The leaves are twitching, tree by tree
Like little horses, to be free
From bond of twig and chain of limb;
They, in their bondage, sing of Him.

He sends the breeze to stir their soul
And in one voice the leaves extol …
Extol … I ask, what do they sing?
This foreign voice, this fallen tongue,
What exaltations have been wrung
From every single, silenced string?

That nature sings His praise, I know
‘Tis true. But Adam’s crushing blow,
Like Babel’s fall, has made us all –
The leaves, the beasts, and Whitman’s grass
Like strangers. We’re reduced to pass
Each other, hearing no one’s call.

And yet my heart is stirred as well,
And yearning toward the leaves, their spell
Both saddens and enlivens me.
That God is speaking with his trees,
And they with Him, I know. My heart
Is broken so, and can’t take part.

Ridgehaven, June 10, 2009

copyright by author

Baby Grace Has Fun:

Happy Grace, sitting on Hunter's lap.

She liked the porch.

She and Grandmother are looking at her FAVORITE THING: Tasha the Corgi!!

She and Tasha got on VERY friendly terms.

Aren't the cute? Tasha was a very good girl, and tolerated being chased, grabbed and screamed at, all week long. How many old ladies do you know who would do that willingly?

Monday, June 15, 2009

Cousin Fun

I'm a bit late with these photos. Here's Peter, sad to say good-bye to some of his friends from camp:

He gets a hug from a girl. That's his cousin Hannah, looking on.

When all the camper cousins returned to the grandparents' house, they had fun playing games in the backyard (until they had to stop because they were waking the baby!)

Ben and Peter check out the lunch choices.

Saturday, June 13, 2009

"Sour Nip"


The "Sour Nip" story was told to me years ago by a dear friend, Clarissa. Clarissa has 2 lovely daughters, both in college by now I imagine. But when they were babies, it was faddish then for mommies to nurse their babies for an extended time. Some mothers nursed their babies until they were standing up and asking for a "snack." Ahem.

Anyway, Clarissa did nurse her babies until they were old enough to talk. The younger girl was particularly attached to this endearing activity, but Mama Clarissa was wearying of it. She wondered how to encourage her daughter to give it up. And, you guessed it, she decided to apply lemon juice to the pertinent area. The little girl curled up for a snuggle with mommy, but -- OOOOOH -- yuck! She backed away, looked up into Clarissa's eyes, and said, "Mama! Sour Nip!"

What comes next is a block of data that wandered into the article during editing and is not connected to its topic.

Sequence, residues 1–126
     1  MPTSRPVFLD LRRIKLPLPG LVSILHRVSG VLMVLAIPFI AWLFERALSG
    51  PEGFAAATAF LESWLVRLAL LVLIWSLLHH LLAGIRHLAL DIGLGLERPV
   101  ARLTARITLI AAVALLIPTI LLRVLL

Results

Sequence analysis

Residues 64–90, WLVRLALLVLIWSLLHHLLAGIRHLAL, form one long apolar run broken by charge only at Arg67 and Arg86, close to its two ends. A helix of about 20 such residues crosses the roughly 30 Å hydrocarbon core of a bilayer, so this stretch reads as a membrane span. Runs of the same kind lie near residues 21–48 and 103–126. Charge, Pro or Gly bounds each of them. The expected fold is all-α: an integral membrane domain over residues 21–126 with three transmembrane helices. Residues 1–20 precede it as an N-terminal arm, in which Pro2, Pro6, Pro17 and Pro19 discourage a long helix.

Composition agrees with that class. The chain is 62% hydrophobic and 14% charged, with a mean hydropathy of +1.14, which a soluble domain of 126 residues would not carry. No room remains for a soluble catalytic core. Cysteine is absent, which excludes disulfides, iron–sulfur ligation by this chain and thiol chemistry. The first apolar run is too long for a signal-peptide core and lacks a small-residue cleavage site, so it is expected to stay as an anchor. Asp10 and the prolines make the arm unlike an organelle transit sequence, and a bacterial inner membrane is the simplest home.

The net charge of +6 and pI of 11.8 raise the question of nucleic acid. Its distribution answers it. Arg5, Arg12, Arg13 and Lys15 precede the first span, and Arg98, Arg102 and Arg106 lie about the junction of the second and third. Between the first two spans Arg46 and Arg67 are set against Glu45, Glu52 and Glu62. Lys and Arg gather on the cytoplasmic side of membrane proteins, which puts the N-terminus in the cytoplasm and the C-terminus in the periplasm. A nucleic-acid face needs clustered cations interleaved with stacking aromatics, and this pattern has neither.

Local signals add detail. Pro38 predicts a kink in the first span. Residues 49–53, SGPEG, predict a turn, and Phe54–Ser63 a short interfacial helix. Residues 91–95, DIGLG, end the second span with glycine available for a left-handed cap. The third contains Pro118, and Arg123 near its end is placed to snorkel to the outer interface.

I thought of this sweet story this past week while talking with a friend. We both recounted stories of times when God, the wise parent, had given us a "sour nip." God places his children is positions of service and ease. We are happy with life. We anticipate living in a particular place, or doing a certain work. We settle in for a period of nurturing and leisure.

And then God can make those places, those times, turn sour. He can make us long to escape the very pleasures we once longed for. He can give your town, your job, your church even, the taste of "sour nip."

It's important (but difficult) to discern the Lord's leading. Often when we think we've "got it!" and understand what He's about to do, He changes it again. But tasting the "sour nip" is one way of accepting God's changes and leading in our lives. And although He may turn attachments in our lives a bit sour, our relationship with Him is ALWAYS sweet.

Thursday, June 11, 2009

Hunter's Tea, part two -- the food!

Alright! Let's see if I can remember it all! Both Hunter and I failed to take a picture of a "perfect plate" before we began to consume. We enjoyed:

Cucumber sandwiches; cheese/carrot sandwiches; scones with Devonshire cream, orange marmalade and raspberry jam; salted nuts; baked and crusted brie with pecan syrup sauce and apples, served on crackers; lemon curd tarts crowned with blueberries, a towering trifle, and Assam and peach teas. What a feast! Long ago, all Hunter's friends learned to cook supper for the menfolk after her teas, but NEVER to plan eating supper themselves!

Mercy cleaned her plate!

The happy eaters. I think I drank seven cups of tea. The peach tea was divine!

Hunter's Tea, part one

For those of you who have been deprived of the pleasure of knowing Hunter, my condolences. I have had the privilege of her friendship, and what a beautiful thing it is! She had a tea for me :) Le Table:

{I adored her Haviland.)

The elegant Hunter, herself:

{Please note the Minnie Pearl hat, complete with tag. The fun apron came from her friend, Margaret, whom I must meet, if this is any indication of her temperament!}
Le Menu:

{Hunter and I both exhausted our French for this occasion.}

Mes Amis: Here are Chris, Hunter and Carolyn, three dear friends. Do you know, Chris and I figured out that we have known each other for about 35 years! Can you imagine. She says the first time she saw me, I was a little girl playing with Barbies on the beach in Florida. My dad evidently convinced her husband to go to seminary. All the rest is a wonderful history of ministry. With friends like this, and love like this, all the troubles of life are reduced to their proper places.